Unconference= Success!


A social studies teacher adds his ideas to the Unconference ideas board.

At this year’s first Unconference, ten teacher-learners representing grades K-16 gathered to discuss educational issues that mattered to them.

The day began with a lively chat about preventing teacher burnout. All at different stages in our careers, we talked about the importance of getting teachers to their fifth year of teaching, ways to help teachers become master teachers, and the need for offering support to teachers at the end of their career. The conversation began as a rather depressing one as we explored why teachers reach the burnout phase. Soon, though, the conversation turned towards what can be done to prevent burnout as we all shared ways we’ve battled this phenomenon in our own careers.

Next we went back to the brainstorming board to choose our conversation topics for the next session. The large group split into two small groups with conversations focused on supporting writing in other subject areas and success stories (What is success? Who defines it?). After an hour, we met back as a large group to summarize our conversations. We concluded by sharing resources, swapping book titles, and exchanging contact information.

Judging by the liveliness of the group, it was clear to me that these conversations needed to happen. There is something powerful about teachers discussing what matters to them. Far too often our conversations are dictated by “higher-ups.” As I watched teachers leave Andrews Hall, it appeared each one walked a little taller; perhaps it was the free donuts…but I believe each one left refreshed and proud to be a teacher. Needless to say, we’ll be doing this again next year.

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A Conference Like No Other

You’re invited to attend the first ever Fall Un-Conference sponsored by the Nebraska Writing Project on October 19th.

This rogue conference is modeled after Ed-Camp conferences and invites participants to create the day’s agenda. Here’s how it works: You and your friends show up at 9:00 to add discussion topics to our group white board. Interested in discussing technology in the classroom? What about Common Core? Or maybe a conversation about socially relevant curriculum would float your boat? We’ll have 15 minutes to brainstorm topics.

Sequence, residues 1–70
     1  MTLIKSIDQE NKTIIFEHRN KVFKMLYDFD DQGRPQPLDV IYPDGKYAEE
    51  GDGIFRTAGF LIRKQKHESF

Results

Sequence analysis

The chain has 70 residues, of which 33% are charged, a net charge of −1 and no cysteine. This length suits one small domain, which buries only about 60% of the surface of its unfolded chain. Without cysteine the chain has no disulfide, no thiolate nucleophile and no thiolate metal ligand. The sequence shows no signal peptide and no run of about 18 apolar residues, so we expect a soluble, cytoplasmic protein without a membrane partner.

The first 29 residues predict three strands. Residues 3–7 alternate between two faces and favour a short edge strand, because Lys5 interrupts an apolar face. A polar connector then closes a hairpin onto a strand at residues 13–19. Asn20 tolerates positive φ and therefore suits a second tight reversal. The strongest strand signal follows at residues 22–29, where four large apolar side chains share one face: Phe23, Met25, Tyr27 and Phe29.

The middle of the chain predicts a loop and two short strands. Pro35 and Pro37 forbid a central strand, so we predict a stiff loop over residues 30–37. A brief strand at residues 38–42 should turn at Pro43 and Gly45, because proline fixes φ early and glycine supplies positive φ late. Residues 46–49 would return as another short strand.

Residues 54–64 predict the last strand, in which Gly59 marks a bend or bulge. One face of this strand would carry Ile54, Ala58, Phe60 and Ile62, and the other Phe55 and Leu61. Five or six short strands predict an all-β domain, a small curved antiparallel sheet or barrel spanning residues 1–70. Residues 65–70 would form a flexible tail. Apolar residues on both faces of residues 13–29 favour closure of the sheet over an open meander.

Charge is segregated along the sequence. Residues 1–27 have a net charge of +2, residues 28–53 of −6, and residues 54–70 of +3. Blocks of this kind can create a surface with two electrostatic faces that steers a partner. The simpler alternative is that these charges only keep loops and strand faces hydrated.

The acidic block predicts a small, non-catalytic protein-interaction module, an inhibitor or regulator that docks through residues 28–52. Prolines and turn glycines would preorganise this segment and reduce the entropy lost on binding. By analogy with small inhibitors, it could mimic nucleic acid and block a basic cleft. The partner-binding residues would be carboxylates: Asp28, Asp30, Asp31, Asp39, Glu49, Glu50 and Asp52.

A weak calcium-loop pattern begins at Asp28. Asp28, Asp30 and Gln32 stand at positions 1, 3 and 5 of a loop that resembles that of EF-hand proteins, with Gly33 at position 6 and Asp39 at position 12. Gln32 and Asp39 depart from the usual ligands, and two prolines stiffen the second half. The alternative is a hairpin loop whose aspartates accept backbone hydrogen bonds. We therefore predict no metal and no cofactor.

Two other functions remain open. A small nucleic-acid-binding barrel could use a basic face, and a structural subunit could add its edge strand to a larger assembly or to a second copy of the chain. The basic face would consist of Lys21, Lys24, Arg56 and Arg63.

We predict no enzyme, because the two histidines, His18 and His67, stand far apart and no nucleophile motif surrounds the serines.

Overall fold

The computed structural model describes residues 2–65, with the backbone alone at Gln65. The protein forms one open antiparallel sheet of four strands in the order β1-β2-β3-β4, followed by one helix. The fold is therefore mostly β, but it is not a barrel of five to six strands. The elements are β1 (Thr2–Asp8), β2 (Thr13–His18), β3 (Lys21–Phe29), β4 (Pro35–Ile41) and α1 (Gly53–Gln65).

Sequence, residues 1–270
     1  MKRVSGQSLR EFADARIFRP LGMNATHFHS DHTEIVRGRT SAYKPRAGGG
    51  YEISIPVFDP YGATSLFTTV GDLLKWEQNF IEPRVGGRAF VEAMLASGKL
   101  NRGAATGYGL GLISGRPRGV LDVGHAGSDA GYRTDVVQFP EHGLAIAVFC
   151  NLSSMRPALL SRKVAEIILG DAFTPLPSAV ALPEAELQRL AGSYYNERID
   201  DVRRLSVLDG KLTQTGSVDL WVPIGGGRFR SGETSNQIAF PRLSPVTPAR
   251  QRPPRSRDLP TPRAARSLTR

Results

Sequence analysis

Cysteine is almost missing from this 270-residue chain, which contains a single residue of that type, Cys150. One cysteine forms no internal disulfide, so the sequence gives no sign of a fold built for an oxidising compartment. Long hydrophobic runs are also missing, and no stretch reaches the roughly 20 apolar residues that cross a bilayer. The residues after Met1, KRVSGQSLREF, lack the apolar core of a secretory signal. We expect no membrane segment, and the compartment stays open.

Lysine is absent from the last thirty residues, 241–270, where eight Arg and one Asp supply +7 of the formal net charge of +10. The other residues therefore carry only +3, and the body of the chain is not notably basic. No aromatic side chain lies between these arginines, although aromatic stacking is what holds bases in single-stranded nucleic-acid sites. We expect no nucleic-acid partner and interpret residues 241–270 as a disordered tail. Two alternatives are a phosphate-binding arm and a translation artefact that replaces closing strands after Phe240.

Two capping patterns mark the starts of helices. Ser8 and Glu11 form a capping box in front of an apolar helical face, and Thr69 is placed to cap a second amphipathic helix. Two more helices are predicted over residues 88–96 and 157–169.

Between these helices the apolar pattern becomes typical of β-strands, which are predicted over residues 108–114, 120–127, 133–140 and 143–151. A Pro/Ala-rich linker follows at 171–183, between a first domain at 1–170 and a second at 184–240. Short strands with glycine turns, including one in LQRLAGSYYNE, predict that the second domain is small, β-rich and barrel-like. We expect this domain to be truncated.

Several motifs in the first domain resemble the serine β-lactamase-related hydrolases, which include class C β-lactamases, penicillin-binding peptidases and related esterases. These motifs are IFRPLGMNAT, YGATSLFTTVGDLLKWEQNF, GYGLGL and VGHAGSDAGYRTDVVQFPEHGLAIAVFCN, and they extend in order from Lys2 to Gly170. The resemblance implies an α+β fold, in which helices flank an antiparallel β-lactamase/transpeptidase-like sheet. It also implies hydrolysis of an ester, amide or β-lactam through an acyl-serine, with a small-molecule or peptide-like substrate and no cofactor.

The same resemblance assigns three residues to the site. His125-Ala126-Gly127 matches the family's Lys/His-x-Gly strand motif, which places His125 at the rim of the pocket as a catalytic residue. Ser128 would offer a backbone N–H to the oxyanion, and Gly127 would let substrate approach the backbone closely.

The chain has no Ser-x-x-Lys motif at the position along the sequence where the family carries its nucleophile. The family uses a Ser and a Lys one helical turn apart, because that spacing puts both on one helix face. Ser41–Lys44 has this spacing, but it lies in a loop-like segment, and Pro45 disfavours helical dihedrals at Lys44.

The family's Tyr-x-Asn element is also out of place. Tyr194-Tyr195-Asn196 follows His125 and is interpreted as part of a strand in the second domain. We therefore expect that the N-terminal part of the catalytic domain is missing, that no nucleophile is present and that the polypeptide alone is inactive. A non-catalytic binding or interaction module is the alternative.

At 9:15, participants will begin voting for which topic they’d most like to discuss. We’ll narrow the list to four topics for the first time slot and assign those topics to rooms. At 9:30 you’ll select your topic and join other educators and stakeholders for a lively discussion. Discussion will last one hour. We’ll meet back at 10:30 to continue another round of brainstorming and voting. By 11:00 you’ll be talking again about issues that matter to you. The un-conference will conclude with a group lunch and final wrap-up at Buzzard Billy’s in the Haymarket. The conference is free and open to anyone. Help spread the word by forwarding this to your colleagues, friends, and other educational stakeholders!

When: October 19th, 2013. 9 AM-1 PM

Where: Bailey Library, Andrews Hall, UNL City Campus

Need more information? Contact Danielle Helzer at helzerdm@gmail.com.
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Platte River Writing Marathon 2013

September 21, 2013
Platte River State Park
by Jeff Grinvalds


Platte River State Park was alive with writers on Saturday. Seventeen Nebraska Writing Project members and friends of NeWP joined together to explore nature and write.

From the heights of the wooden tower to the depths of the mighty Platte River, writers were inspired by the natural and unnatural sights of the state park. They began their journey at the dock of Owen Lake watching the paddle boats and feeling the glorious sunshine while sharing conversation.

They then divided into groups traversing the trails of the park and nearby areas of interest.

Jeff Grinvalds and fellow writers, Maija, Alan and Kristi traveled outside of the park to Soaring Winds Vineyard and Schramm State Park. At the rock wall in Schramm which is home to fossils and millions of years of sediment, Jeff wrote this poem:

Fossil WallRock Wall

Children climb the wall
just above a sign that reads, “No Digging.”
They arrive in search of dinosaurs,
and mammoths, hoping to be the one to uncover
the next new species
the next Sue,

Instead they scratch the surface
never delving below last year’s dust
never reaching the sediment
that would reveal themselves
to the world.

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